Nothing in life has any intrinsic value – any value that we think an object/person has is just perceived value. No matter how valuable object is lost, “the universe continues unabated”. This is one of “valuable” (pardon the pun) lessons I learnt when my father died.
I was in a completely different world surrounded by completely different people when I heard that Steve Jobs was dead. I deeply sighed and told someone sitting near me about the news. She asked me “Who’s Steve Jobs?”. I tried to explain how valuable his contributions are to the Software/Computer industry etc. But there was a clear indifference among the people who were paying attention to what I was talking. They clearly don’t see the value and they are right.
Anyway, so far the following is the most level headed response to Jobs’s death that I’ve seen so far among the overly-empathetic media and blogs/tweets.
“I don’t want to take anything away from the guy, he was brilliant and uncompromising and wonderful, but there’s a level of adulation that goes beyond what is merited,” said Tim O’Reilly, chief executive of the tech publisher O’Reilly Media. “There will be revolutions and revolutionaries to come.”
It will be interesting to see if Jobs’s “values” will be carried forward. Of course we’ll never see an exact replica of Steve Jobs, but I’m sure there are brighter minds and leaders to come from human race.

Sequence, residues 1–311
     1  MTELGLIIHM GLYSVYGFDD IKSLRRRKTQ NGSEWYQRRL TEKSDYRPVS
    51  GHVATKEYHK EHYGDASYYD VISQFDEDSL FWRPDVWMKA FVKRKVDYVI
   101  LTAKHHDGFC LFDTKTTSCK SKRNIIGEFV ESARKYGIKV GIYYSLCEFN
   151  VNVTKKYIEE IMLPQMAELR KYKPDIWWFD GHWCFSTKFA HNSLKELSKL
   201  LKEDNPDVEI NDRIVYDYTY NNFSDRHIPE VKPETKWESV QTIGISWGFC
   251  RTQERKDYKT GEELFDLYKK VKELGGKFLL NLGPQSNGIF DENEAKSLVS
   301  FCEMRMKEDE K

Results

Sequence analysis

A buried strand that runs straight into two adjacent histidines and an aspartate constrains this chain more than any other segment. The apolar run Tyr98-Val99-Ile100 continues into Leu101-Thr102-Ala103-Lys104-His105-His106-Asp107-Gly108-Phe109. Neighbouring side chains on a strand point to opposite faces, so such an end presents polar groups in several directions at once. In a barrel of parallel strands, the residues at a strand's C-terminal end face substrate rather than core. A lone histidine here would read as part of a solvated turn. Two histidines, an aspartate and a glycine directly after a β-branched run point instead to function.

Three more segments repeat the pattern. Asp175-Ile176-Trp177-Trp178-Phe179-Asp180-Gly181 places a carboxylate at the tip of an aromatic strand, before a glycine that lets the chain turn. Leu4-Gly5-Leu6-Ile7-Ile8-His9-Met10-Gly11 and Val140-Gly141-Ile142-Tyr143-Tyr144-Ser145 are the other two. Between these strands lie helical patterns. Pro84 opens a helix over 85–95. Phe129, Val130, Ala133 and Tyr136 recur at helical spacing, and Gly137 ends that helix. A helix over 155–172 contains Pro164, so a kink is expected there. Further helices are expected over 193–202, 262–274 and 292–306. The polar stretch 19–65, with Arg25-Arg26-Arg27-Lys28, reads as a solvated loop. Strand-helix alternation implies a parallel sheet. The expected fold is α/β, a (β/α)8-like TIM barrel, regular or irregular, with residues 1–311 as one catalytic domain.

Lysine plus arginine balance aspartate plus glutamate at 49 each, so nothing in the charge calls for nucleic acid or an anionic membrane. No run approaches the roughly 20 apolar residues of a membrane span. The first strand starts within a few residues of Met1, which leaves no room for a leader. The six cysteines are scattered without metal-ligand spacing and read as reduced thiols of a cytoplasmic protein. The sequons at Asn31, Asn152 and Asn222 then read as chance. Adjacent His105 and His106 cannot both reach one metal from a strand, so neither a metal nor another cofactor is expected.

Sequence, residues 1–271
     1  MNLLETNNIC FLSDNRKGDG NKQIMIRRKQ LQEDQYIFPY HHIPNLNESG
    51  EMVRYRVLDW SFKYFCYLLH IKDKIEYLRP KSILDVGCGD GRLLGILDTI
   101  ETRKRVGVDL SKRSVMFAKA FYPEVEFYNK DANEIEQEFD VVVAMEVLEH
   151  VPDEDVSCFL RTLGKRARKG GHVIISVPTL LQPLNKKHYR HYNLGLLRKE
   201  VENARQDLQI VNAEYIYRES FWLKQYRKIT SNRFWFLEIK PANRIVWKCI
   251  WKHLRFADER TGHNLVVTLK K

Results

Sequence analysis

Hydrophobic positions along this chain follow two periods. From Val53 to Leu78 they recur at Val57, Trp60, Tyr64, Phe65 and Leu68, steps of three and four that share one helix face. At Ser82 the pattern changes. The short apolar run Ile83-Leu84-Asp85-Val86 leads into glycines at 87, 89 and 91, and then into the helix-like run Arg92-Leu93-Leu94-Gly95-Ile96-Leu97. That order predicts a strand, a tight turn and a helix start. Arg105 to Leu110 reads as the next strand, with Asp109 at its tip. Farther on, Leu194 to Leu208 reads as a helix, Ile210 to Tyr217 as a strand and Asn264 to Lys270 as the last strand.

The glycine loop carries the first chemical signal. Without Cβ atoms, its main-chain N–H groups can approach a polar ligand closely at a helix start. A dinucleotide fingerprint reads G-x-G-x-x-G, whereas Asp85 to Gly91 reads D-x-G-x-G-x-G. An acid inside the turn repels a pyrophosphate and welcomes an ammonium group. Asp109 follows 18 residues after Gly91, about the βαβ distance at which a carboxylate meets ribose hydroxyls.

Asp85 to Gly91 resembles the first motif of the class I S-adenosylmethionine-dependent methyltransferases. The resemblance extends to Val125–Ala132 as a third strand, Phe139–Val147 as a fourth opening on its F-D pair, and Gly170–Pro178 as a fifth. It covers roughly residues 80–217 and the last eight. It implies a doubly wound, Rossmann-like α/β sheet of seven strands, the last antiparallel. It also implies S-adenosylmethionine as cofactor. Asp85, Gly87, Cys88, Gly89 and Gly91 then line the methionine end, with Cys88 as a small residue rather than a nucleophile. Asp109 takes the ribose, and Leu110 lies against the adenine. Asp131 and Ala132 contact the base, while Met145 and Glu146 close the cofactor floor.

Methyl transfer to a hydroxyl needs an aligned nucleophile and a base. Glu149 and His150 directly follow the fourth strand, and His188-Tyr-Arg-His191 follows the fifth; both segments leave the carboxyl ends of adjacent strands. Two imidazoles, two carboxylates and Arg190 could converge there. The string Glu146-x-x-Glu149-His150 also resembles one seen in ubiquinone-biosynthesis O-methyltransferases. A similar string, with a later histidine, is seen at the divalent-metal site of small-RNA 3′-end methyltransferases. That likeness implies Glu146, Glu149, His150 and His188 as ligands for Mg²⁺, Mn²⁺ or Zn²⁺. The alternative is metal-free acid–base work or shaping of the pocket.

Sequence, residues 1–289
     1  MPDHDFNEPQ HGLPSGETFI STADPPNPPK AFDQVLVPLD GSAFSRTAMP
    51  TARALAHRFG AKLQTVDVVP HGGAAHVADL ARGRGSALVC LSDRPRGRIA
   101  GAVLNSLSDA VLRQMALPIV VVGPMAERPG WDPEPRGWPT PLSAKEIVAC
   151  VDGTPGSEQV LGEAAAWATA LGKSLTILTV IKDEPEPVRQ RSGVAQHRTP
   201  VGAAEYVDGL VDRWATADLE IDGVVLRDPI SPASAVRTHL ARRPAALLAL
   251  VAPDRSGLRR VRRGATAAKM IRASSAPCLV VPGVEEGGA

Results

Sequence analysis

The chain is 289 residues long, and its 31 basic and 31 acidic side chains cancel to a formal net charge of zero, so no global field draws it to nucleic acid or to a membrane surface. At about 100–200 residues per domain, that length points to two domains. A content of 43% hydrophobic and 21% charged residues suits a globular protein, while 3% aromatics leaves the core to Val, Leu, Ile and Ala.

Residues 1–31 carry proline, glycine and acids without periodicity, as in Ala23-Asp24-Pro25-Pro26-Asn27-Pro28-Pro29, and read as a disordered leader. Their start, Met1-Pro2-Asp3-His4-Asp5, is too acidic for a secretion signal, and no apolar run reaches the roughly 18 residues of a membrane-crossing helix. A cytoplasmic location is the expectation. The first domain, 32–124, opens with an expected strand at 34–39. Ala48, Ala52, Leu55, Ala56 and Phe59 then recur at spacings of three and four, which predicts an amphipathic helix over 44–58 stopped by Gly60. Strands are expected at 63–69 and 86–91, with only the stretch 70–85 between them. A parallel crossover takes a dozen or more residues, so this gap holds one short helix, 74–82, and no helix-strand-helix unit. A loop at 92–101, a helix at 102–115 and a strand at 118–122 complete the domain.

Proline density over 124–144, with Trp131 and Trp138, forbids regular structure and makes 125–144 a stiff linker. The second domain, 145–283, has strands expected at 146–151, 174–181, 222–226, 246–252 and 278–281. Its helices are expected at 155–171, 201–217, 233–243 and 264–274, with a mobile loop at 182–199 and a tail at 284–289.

This is fantastic news!
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Old, but still worth linking again.
First, forget about it unless you are willing to invest significantly and heavily to establish a culture of innovation like Apple’s. Because it’s not just about copying Apple’s approach and procedures. The vast majority of executives who say, “I want to be just like Apple,” have no idea what it really takes to achieve that level of success. What they’re saying is they want to be adored by their customers, they want to launch sexy products that cause the press to fall all over themselves, and they want to experience incredible financial growth. But they generally want to do it on the cheap.
Another example of Mac Software Developers Awesome-coolnesss !
A few months ago Dmitry Chestnykh, the founder of Coding Robots and copyright holder of Mémoires, discovered that his program – like many others – was being shared via The Pirate Bay. Out of curiosity he decided to download the torrent to find out how it was cracked, and he didn’t like what he saw.
In a passionate “Notice of Ridiculous Activity” the company’s founder decided to notify The Pirate Bay crew about his findings, shocked as he was at the crappy work of the person who cracked his application.